**Reference**:- Hugo A. Akitaya, Erik D. Demaine, Martin L. Demaine, Adam Hesterberg, Ferran Hurtado, Jason S. Ku, and Jayson Lynch, “Pachinko”,
*Computational Geometry: Theory and Applications*, volume 68, March 2018, pages 226–242. In memory of our friend Ferran Hurtado **Abstract**:-
Inspired by the Japanese game Pachinko, we study simple (perfectly
“inelastic” collisions) dynamics of a unit ball falling amidst
point obstacles (
*pins*) in the plane. A classic example is that a checkerboard grid of pins produces the binomial distribution, but what probability distributions result from different pin placements? In the 50-50 model, where the pins form a subset of this grid, not all probability distributions are possible, but surprisingly the uniform distribution is possible for {1, 2, 4, 8, 16} possible drop locations. Furthermore, every probability distribution can be approximated arbitrarily closely, and every dyadic probability distribution can be divided by a suitable power of 2 and then constructed exactly (along with extra “junk” outputs). In a more general model, if a ball hits a pin off center, it falls left or right accordingly. Then we prove a universality result: any distribution of*n*dyadic probabilities, each specified by*k*bits, can be constructed using*O*(*n**k*^{2}) pins, which is close to the information-theoretic lower bound of Ω(*n**k*). **Comments**:- This paper is also available from ScienceDirect.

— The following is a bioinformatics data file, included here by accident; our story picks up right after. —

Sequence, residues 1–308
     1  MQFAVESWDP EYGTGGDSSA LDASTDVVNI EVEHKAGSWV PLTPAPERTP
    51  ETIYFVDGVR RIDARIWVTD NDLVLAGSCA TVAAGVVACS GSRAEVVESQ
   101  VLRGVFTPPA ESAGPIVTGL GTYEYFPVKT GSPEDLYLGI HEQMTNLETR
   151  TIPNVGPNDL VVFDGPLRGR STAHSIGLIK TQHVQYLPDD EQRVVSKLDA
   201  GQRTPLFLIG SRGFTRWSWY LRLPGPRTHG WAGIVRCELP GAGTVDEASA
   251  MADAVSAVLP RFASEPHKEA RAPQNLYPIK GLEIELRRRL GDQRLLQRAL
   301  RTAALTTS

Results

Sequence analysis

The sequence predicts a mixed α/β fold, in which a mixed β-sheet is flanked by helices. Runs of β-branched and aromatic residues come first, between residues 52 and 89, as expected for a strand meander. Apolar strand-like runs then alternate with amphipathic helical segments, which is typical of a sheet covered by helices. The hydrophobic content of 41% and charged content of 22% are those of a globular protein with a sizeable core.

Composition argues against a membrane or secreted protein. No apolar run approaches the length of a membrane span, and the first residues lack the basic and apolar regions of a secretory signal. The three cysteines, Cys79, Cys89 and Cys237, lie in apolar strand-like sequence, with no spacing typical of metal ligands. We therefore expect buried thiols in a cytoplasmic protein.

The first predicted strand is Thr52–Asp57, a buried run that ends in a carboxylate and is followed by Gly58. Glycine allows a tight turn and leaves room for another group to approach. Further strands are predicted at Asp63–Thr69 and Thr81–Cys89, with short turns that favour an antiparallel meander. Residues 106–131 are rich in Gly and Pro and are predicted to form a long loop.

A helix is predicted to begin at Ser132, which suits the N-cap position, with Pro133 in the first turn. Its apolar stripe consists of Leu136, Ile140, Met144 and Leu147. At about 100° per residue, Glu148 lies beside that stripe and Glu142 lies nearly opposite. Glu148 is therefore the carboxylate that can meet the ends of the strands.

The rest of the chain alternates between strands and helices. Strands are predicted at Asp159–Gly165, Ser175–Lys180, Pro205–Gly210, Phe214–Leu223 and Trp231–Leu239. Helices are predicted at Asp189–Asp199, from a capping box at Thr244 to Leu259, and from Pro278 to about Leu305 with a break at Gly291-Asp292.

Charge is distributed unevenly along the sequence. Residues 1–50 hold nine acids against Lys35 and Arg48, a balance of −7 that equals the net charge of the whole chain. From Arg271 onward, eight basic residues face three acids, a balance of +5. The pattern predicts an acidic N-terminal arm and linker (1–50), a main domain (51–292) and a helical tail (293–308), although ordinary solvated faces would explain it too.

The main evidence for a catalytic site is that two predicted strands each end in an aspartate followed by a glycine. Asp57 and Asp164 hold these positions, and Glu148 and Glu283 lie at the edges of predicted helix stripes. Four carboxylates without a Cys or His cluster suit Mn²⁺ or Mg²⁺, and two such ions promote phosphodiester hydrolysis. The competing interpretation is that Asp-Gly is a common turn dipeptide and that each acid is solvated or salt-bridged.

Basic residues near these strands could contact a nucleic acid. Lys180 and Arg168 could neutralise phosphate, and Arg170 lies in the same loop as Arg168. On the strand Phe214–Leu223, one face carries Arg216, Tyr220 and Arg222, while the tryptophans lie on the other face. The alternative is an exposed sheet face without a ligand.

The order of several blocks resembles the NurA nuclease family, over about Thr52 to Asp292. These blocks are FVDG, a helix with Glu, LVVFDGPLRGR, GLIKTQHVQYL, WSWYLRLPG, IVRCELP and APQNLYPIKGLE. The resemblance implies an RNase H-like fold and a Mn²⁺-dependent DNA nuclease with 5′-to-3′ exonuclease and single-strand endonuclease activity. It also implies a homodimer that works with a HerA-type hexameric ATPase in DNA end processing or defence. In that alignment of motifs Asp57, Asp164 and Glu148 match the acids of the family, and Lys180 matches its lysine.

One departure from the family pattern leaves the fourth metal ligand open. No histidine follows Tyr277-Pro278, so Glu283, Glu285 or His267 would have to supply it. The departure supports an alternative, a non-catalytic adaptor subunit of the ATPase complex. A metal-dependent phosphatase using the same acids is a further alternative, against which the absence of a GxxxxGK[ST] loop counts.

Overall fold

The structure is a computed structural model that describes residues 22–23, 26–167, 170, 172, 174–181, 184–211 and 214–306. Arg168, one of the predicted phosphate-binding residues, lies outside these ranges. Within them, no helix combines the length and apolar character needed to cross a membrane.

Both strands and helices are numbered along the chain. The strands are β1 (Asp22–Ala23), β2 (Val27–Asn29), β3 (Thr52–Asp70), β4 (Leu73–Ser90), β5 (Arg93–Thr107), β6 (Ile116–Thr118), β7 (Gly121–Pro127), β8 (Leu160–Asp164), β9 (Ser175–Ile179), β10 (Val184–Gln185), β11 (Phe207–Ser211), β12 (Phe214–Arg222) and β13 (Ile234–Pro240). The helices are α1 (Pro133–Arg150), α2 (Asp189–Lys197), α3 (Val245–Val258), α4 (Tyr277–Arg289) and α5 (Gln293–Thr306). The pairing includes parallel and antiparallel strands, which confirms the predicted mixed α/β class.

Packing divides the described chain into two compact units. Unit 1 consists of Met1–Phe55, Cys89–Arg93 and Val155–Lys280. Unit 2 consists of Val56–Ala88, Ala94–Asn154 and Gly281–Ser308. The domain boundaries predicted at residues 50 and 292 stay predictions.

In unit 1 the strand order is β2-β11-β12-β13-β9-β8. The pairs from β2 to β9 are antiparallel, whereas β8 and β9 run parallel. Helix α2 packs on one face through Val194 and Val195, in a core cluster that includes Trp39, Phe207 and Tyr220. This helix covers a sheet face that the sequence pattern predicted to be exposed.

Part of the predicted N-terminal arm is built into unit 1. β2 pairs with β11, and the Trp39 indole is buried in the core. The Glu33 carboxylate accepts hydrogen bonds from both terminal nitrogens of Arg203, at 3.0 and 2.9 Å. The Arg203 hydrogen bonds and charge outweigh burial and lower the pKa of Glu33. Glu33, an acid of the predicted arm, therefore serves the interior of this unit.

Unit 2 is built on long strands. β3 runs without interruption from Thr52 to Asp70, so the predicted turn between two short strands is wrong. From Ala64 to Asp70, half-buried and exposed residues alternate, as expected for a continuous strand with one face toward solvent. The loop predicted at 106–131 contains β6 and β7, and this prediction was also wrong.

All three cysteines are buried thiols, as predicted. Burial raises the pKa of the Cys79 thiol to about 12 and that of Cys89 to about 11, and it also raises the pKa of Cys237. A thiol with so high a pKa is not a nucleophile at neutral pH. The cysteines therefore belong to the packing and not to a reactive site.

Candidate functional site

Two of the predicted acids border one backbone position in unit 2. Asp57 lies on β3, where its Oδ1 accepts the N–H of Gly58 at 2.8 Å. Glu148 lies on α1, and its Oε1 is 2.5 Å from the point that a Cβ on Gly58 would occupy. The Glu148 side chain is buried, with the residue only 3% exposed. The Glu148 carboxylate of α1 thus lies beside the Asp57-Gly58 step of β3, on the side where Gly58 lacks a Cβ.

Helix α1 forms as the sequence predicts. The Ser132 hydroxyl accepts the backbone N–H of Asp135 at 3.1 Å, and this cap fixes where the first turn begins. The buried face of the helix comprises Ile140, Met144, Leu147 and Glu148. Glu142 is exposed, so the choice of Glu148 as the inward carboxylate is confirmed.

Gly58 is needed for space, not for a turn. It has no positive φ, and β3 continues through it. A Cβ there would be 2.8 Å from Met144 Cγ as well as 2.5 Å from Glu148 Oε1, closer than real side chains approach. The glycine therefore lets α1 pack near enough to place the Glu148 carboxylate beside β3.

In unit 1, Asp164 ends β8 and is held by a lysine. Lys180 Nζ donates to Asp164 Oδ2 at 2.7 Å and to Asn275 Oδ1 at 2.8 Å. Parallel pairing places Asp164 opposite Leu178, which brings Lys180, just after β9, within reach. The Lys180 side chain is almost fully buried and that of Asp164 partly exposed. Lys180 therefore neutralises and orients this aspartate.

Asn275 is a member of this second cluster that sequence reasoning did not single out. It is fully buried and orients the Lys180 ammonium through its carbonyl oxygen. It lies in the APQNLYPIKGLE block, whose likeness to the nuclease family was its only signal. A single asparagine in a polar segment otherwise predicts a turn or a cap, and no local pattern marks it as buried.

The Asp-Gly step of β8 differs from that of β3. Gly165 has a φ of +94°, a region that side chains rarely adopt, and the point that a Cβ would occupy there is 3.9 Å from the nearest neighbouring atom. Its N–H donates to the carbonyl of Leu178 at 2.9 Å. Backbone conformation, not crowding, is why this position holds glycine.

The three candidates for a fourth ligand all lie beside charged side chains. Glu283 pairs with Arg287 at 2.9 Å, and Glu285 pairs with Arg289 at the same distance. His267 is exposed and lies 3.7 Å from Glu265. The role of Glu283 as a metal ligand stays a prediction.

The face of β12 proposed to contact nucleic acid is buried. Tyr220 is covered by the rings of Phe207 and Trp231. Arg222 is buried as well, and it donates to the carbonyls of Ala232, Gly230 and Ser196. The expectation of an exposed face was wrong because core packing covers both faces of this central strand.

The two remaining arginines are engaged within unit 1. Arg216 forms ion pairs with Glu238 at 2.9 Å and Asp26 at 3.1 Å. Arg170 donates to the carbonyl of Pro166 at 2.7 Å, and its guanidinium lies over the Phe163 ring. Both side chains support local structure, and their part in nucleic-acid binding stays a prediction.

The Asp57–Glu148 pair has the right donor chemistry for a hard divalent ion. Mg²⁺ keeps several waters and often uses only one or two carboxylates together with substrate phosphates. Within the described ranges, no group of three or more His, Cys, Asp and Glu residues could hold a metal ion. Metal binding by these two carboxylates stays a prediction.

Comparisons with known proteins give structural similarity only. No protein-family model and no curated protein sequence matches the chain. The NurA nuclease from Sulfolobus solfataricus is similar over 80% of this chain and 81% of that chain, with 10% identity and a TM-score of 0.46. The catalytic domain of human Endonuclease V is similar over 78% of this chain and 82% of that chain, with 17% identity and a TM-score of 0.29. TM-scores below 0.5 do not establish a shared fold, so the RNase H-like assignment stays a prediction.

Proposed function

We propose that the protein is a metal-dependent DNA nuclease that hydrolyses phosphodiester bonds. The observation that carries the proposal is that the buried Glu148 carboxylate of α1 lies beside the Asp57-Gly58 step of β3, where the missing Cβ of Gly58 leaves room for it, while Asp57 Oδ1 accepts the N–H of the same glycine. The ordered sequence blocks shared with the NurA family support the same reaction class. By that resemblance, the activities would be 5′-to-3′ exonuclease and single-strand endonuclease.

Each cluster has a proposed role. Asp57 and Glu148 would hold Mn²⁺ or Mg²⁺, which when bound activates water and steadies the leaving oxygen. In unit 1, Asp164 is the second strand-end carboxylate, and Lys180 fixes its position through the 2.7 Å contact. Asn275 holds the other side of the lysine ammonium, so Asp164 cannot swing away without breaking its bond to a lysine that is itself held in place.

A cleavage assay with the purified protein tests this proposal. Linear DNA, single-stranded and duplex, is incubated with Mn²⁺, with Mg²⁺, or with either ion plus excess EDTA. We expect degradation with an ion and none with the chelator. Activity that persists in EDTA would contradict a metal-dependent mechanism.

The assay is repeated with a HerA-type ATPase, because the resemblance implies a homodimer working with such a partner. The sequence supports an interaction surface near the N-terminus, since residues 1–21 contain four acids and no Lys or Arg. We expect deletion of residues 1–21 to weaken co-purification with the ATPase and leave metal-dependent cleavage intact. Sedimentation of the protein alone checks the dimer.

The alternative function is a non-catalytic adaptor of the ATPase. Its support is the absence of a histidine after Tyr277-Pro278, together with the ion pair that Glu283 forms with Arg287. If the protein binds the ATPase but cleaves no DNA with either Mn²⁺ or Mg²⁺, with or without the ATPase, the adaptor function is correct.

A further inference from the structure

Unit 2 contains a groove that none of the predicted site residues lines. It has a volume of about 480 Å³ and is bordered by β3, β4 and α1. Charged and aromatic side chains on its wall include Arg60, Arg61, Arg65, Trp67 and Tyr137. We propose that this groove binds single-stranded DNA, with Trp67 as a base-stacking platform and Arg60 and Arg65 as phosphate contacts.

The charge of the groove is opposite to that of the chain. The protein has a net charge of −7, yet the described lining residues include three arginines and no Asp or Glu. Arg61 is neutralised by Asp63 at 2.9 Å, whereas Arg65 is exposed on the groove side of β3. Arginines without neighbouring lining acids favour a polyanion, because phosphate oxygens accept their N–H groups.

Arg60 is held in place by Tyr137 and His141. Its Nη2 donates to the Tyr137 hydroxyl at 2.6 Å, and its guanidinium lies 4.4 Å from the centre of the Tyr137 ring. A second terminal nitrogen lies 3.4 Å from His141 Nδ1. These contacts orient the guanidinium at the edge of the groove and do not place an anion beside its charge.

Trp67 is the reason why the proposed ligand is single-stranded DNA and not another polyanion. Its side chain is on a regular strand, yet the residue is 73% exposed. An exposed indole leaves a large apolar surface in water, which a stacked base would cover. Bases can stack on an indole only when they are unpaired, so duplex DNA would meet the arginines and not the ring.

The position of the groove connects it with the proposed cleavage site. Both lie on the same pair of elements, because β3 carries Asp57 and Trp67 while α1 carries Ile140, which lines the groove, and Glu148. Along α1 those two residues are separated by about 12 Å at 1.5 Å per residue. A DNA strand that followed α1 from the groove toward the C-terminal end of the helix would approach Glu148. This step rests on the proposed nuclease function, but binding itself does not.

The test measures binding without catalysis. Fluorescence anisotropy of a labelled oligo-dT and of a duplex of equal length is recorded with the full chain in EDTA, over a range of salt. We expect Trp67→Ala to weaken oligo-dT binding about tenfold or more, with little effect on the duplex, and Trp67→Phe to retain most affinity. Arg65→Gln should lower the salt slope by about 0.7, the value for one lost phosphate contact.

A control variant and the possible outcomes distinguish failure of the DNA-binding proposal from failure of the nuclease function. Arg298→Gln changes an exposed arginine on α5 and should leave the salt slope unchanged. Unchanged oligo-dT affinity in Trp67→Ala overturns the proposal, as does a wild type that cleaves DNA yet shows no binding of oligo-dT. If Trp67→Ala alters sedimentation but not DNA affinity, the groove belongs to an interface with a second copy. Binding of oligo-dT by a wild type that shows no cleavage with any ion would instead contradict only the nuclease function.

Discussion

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Last updated July 7, 2020 by Erik Demaine.